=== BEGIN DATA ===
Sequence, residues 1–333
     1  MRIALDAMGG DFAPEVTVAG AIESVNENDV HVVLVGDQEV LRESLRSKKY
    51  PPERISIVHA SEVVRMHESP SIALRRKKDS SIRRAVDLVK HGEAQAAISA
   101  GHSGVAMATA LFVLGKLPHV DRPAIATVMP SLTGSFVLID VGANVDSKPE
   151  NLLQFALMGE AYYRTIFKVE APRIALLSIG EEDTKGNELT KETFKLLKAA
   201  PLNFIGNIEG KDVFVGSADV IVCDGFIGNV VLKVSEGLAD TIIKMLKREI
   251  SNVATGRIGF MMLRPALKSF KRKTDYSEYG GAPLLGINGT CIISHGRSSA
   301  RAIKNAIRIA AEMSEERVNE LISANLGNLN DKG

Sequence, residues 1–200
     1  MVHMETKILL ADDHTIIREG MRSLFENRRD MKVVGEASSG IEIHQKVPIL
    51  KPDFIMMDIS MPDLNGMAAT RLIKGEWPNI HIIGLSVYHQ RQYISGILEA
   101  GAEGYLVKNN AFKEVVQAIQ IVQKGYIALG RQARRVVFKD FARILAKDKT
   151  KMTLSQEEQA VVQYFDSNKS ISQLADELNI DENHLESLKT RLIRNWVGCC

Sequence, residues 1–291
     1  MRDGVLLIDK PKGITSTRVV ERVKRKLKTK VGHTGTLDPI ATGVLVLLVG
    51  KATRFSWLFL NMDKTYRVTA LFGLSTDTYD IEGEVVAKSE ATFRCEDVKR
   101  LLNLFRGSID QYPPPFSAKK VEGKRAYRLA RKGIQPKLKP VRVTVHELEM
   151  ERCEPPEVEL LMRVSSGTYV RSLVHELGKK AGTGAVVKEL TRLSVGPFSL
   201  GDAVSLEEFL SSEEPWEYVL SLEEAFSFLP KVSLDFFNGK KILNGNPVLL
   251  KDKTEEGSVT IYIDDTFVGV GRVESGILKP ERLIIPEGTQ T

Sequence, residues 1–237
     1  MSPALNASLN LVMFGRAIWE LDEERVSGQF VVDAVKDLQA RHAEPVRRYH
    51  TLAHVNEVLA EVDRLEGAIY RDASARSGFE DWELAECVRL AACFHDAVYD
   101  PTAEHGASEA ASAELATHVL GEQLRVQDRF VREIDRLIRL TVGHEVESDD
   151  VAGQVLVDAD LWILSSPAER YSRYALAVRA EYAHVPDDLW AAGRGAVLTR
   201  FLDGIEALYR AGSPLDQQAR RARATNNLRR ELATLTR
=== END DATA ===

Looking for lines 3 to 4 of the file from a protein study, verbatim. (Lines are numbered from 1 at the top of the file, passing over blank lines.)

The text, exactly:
    51  PPERISIVHA SEVVRMHESP SIALRRKKDS SIRRAVDLVK HGEAQAAISA
   101  GHSGVAMATA LFVLGKLPHV DRPAIATVMP SLTGSFVLID VGANVDSKPE